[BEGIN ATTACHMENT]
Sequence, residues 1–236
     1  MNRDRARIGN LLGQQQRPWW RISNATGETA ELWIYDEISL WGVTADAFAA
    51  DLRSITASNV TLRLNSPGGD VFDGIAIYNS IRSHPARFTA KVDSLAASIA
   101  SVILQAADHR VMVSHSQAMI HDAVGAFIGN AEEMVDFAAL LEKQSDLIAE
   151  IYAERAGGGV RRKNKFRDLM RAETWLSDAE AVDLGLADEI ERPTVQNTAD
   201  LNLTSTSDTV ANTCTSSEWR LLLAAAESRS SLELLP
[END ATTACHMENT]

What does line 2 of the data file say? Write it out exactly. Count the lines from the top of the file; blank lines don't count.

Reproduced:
     1  MNRDRARIGN LLGQQQRPWW RISNATGETA ELWIYDEISL WGVTADAFAA